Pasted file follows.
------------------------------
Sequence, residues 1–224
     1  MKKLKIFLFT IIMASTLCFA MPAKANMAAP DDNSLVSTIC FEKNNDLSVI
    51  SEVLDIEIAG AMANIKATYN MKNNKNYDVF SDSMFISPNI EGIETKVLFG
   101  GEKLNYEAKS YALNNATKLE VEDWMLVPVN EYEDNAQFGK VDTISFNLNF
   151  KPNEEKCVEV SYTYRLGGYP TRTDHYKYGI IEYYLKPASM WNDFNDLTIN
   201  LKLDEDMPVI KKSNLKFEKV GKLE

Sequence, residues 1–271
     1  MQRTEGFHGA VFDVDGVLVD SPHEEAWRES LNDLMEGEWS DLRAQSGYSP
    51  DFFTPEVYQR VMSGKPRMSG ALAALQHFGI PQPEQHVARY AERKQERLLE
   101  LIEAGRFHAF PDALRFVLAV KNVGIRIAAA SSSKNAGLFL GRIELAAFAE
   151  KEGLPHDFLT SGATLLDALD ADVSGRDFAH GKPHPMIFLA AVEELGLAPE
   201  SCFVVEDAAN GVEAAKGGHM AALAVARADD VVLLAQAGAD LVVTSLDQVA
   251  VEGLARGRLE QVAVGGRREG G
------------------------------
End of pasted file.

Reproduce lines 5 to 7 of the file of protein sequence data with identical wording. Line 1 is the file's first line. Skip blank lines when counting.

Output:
   151  KPNEEKCVEV SYTYRLGGYP TRTDHYKYGI IEYYLKPASM WNDFNDLTIN
   201  LKLDEDMPVI KKSNLKFEKV GKLE

Sequence, residues 1–271